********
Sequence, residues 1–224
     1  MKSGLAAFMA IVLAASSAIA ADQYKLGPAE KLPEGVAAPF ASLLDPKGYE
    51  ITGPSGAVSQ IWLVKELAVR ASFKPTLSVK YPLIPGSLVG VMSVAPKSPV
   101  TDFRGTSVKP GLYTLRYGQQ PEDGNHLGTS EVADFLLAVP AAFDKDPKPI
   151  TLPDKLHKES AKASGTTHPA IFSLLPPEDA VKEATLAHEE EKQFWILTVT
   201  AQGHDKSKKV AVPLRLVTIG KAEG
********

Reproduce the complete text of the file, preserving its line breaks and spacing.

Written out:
Sequence, residues 1–224
     1  MKSGLAAFMA IVLAASSAIA ADQYKLGPAE KLPEGVAAPF ASLLDPKGYE
    51  ITGPSGAVSQ IWLVKELAVR ASFKPTLSVK YPLIPGSLVG VMSVAPKSPV
   101  TDFRGTSVKP GLYTLRYGQQ PEDGNHLGTS EVADFLLAVP AAFDKDPKPI
   151  TLPDKLHKES AKASGTTHPA IFSLLPPEDA VKEATLAHEE EKQFWILTVT
   201  AQGHDKSKKV AVPLRLVTIG KAEG